Activists have organized thousands of demonstrations and vigils in reaction to events on the ground (e.g. the recent Gaza onslaught) or to defend rights like the right to return. Thousands of Palestinians in diaspora regularly write opinion pieces, interview with the media, create stories, create documentaries, use blogs and other internet social outreach. Some Palestinian-led groups that work on media issues include Electronic Intifada and Institute for Middle East Understanding. Other activists find expression in the arts: examples include cartoonists Naji Al-Ali and Carlos Latuff, to poet Suheir Hammad, visual artists Emily Jacir and Mai Masri, among others. Palestinians also excelled in business and some have achieved considerable wealth. Many philanthropists were critical in funding projects like hospitals and universities in Palestine. Other professionals who did well in their fields were also able to help back home. There are villages and towns in Palestine where over half the donations coming from diaspora Palestinians. Palestinian academics are among the most renowned in their fields. Examples include Edward Said, Hisham Sharabi, Naseer Aruri, and Rashid Khalidi, Nur Masalha, Salma Khadra Jayyusi, Saad Chedid, among thousands of others.
Palestinians in diaspora have participated fully in their societies from running for school boards to running for high offices. They have also been great community organizing in many fields ranging from environmental issues to labor rights to human rights to foreign affairs. And we have become better at utilizing the Internet Revolution; thousands participate in chat rooms, created pages on Facebook and Myspace and joined listserves that now network millions of Palestinians with tens of millions of non-Palestinians. A US-based Palestinian programmer also initiated the largest and most comprehensive online portal of information and communication for our community: http://www.PalestineRemembered.com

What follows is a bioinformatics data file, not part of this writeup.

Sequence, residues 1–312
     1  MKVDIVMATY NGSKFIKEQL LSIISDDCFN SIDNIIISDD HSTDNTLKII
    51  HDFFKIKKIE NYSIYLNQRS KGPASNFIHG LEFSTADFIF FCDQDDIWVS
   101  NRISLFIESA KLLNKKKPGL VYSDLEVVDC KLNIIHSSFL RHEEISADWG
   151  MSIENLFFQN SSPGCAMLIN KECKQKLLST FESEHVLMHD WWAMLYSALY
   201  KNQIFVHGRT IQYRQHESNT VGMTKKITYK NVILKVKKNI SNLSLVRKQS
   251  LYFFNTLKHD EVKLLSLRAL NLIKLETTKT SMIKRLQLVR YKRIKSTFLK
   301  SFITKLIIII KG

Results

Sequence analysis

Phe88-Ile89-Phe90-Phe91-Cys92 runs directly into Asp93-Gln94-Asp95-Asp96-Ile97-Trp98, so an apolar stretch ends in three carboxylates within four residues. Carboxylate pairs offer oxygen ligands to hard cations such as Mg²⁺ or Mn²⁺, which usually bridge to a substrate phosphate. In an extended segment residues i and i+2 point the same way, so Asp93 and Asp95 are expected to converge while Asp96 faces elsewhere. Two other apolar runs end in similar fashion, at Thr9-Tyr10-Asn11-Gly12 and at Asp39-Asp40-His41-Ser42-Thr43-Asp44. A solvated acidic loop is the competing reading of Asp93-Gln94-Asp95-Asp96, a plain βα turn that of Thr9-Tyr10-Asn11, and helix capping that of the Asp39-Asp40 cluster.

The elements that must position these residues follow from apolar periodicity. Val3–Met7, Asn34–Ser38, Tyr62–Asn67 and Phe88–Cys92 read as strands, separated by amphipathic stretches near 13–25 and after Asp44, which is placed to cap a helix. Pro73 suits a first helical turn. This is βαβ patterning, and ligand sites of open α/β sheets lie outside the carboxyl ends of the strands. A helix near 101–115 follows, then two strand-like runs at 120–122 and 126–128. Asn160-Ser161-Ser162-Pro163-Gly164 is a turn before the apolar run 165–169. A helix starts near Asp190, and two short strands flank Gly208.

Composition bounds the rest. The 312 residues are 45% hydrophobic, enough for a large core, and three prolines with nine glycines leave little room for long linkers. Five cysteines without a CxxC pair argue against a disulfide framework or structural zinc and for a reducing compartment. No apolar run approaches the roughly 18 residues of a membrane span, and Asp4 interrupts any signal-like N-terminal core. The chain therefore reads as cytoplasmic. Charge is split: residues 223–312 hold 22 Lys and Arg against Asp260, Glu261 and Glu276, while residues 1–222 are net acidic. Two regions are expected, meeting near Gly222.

Many activists faced persecution for their activism and have provided test cases for the extent of democracy in those countries they resided in (e.g. the cases of Mazen AlNajjar and Sami Al-Arian). Hundreds of others suffered at some level or another (receiving insults, defamed, losing jobs, losing grants etc). Other limitations of activism in diaspora include the sometimes fragmentation along clan, village, sectarian, religious, and political orientation. The newer generation is less encumbered by these issues. Other challenges include avoiding defeatism, excessive criticism of others, need for more humility and more team work. This only takes more work. As the late Professor Edward Said stated: " Isn't it time we caught up with our own status and made certain that our representatives here and elsewhere realize, as a first step, that they are fighting for a just and noble cause, and that they have nothing to apologize for or anything to be embarrassed about? On the contrary, they should be proud of what their people have done and proud also to represent them." (Edward Said http://www.counterpunch.org/said09252003.html )